FDA Approves First Treatment for Multiple Food Allergies in Adults, Children

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Xolair (omalizumab) was previously granted FDA Priority Review status and Breakthrough Therapy Designation to prevent severe allergic reactions after accidental exposure to one or more foods in people with allergies.

Image credit: bit24 | stock.adobe.com. Food allergy. Allergic food on wooden background.

Image credit: bit24 | stock.adobe.com. Food allergy. Allergic food on wooden background.

The FDA has approved an expanded indication for Novartis’ and Roche’s Xolair (omalizumab) as the first medication indicated to reduce allergic reactions from exposure to one or more food allergens in individuals over 1 year of age with immunoglobulin E (IgE)-mediated food allergy.1

Xolair is a monoclonal antibody that binds to and inhibits IgE, which is involved in the pathophysiology of the allergic inflammation characteristic of asthma.2

Through this mechanism of action, IgE down-regulates the immune response to help gain control over allergy-driven inflammation.

"Many people with food allergies and their loved ones live in constant fear of accidentally coming into contact with the food they are allergic to and the life-threatening allergic reaction that could happen as a result. Today's approval of Xolair represents a paradigm shift in the way food allergies can be managed," Reshema Kemps-Polanco, executive vice president and chief commercial officer, Novartis US, said in a press release. "This approval, which comes 20 years after the first approval for this medicine, shows that we never stop innovating to make a meaningful difference for patients living with immunological conditions."1

The FDA previously granted the supplemental Biologics License Application for Xolair with Priority Review status.3 The FDA granted Xolair with Breakthrough Therapy Designation in August 2018 to prevent severe allergic reactions after accidental exposure to one or more foods in people with allergies. Xolair is also approved to treat moderate to severe persistent allergic asthma, chronic spontaneous urticaria, and chronic rhinosinusitis with nasal polyps.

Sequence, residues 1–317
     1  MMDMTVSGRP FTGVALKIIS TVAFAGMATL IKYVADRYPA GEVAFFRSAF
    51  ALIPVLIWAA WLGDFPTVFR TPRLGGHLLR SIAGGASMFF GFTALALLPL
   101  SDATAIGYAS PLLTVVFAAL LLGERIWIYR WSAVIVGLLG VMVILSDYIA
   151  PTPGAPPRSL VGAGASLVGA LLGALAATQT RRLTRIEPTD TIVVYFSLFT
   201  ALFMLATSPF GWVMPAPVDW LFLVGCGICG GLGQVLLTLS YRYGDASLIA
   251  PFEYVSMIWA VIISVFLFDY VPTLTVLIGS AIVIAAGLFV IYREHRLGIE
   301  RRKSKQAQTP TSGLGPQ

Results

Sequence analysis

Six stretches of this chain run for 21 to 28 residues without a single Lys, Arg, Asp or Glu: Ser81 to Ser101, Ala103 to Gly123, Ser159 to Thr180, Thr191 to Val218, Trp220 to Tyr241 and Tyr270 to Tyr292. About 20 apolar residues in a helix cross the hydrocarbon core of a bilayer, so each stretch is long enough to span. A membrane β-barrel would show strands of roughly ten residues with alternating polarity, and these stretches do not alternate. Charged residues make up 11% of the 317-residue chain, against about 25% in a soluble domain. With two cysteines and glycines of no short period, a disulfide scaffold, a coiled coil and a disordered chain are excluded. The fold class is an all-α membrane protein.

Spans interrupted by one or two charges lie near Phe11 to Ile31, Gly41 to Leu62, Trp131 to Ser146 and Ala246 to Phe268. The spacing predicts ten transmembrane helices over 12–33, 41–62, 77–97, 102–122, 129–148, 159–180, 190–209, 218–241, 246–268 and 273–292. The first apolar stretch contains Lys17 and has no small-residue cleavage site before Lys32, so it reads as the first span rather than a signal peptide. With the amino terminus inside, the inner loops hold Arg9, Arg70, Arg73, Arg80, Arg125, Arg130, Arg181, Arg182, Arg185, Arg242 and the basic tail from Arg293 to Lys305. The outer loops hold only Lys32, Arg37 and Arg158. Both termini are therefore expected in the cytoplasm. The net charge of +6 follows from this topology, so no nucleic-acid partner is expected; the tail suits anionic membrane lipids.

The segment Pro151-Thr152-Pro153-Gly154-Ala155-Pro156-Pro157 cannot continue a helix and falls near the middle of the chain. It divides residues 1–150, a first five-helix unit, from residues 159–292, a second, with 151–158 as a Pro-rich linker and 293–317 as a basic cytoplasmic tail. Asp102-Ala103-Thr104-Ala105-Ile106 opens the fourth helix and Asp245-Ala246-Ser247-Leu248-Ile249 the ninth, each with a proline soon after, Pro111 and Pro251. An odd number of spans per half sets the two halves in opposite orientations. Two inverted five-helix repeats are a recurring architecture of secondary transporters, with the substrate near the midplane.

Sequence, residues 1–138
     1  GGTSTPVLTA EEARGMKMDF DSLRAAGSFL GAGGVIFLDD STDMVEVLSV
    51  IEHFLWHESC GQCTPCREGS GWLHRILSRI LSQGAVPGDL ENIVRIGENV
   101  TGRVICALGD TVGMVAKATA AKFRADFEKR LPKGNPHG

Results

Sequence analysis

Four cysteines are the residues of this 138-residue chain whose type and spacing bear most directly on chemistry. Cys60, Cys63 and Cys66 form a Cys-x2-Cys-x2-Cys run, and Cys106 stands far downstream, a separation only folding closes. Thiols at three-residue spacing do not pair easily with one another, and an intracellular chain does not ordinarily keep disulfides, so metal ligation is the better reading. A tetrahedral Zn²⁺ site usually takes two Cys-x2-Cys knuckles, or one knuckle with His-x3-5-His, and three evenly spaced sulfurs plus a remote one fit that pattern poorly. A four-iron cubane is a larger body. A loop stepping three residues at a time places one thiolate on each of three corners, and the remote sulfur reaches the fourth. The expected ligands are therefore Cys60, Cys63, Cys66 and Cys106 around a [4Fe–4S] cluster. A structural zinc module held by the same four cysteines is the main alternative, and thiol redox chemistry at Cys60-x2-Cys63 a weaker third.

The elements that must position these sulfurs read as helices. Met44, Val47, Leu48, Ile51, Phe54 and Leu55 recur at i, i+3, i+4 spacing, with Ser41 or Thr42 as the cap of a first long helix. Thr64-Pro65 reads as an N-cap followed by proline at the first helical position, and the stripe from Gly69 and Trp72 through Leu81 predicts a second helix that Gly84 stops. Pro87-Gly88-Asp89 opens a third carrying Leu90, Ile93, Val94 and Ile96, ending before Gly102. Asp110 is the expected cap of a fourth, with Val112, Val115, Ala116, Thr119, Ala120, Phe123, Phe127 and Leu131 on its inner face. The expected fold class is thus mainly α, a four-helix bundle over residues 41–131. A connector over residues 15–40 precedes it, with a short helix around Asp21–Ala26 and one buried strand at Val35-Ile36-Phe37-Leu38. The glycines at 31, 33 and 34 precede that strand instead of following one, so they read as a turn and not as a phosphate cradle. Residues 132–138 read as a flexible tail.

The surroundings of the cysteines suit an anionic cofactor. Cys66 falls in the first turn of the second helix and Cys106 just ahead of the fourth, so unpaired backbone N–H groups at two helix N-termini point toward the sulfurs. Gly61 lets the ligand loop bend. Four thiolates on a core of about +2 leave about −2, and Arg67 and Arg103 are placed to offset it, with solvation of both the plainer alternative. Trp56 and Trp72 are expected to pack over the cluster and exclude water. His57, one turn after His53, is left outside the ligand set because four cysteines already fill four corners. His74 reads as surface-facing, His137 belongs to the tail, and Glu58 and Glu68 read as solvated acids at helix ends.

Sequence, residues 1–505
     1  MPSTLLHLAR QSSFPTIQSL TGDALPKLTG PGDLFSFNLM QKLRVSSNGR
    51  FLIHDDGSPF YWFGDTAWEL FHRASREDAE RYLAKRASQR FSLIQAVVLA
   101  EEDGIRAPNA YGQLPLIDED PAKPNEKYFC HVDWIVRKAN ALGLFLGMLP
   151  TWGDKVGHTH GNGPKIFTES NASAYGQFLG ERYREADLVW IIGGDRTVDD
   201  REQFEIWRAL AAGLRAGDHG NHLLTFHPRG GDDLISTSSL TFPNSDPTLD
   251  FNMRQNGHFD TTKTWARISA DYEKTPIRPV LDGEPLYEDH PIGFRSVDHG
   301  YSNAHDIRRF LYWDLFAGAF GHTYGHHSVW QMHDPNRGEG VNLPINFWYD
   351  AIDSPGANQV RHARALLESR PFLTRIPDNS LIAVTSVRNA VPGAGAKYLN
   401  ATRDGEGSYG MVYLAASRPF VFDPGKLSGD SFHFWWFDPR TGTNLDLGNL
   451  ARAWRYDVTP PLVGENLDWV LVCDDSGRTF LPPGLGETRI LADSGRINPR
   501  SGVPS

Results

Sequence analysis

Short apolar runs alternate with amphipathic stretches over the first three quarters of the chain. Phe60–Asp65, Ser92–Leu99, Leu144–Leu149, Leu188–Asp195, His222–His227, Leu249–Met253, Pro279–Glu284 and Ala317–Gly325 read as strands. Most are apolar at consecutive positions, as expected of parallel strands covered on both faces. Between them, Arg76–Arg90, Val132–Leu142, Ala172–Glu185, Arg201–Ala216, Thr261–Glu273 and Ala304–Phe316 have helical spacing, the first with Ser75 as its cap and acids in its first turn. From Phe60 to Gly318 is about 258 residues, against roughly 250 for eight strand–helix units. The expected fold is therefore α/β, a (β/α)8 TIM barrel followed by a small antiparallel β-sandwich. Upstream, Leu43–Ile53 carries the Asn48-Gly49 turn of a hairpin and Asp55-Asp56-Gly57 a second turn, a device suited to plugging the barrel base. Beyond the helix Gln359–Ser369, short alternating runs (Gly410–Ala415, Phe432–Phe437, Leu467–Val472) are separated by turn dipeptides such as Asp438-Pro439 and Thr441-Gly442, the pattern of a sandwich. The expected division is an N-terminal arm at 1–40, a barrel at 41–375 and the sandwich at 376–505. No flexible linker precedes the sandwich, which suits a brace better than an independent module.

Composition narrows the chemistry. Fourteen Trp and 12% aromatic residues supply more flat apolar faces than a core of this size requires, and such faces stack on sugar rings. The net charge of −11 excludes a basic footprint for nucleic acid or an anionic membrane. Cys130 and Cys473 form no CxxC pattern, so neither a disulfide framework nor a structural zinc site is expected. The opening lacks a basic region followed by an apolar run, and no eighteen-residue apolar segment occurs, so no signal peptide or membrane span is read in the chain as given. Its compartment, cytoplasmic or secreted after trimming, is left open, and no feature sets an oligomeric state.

The regulatory action was based on a positive interim analysis of data by an independent Data and Safety Monitoring Board (DSMB) from the National Institutes of Health-sponsored, pivotal multicenter, randomized, double-blind, placebo-controlled Phase III OUtMATCH trial (NCT03881696). The study analyzed Xolair in patients allergic to peanuts and at least two other common foods. The DSMB analyzed data from the first 165 patients aged 1 to 17 years who participated in the first stage of the trial, which showed the study achieved its primary endpoint and key secondary endpoints.

Compared with placebo, Xolair was found to significantly increase the amount of peanuts—the trial’s primary endpoint—and milk, egg, and cashew—the trial’s key secondary endpoints—that it takes to trigger an allergic reaction in participants with food allergies.

Among those administered Xolair for 16 to 20 weeks, 68% tolerated at least 600 mg of peanut protein without moderate to severe allergic symptoms vs. 5% of individuals administered the placebo. The 600 mg amount of peanut protein translates to approximately two-and-a-half peanuts or a half-teaspoon of peanut butter.

In terms of safety, adverse events were consistent with the previously established benefit-risk profile of Xolair for its approved indications in prior clinical trials.

"The stress of living with food allergies can weigh heavily on people and their families, particularly when navigating events like children's birthday parties, school lunches, and holiday dinners with friends and family," President and CEO of the Asthma and Allergy Foundation of America Kenneth Mendez, said in a press release. "Given the growing prevalence of food allergies, this news offers hope to the many children and adults who may benefit from a new way to help manage their food allergies."1

References

1. FDA approves Xolair® (omalizumab) as first and only medicine for children and adults with one or more food allergies. Novartis. News release. February 16, 2024. Accessed February 16, 2024. https://www.novartis.com/us-en/news/media-releases/fda-approves-xolair-omalizumab-first-and-only-medicine-children-and-adults-one-or-more-food-allergies#:~:text=EAST%20HANOVER%2C%20N.J.%2C%20Feb.,patients%20aged%201%20year%20and

2. Delimpoura V, Bonstantzoglou C, Liu N, Nenna R. Novel therapies for severe asthma in children and adults. Breathe (Sheff). 2018 Mar;14(1):59-62. Accessed February 16, 2024.

3. FDA Grants Priority Review to Xolair (omalizumab) for Children and Adults With Food Allergies Based on Positive National Institutes of Health Phase III Study Results. Genentech. News release. December 19, 2023. Accessed February 16, 2024. https://www.gene.com/media/press-releases/15016/2023-12-19/fda-grants-priority-review-to-xolair-oma

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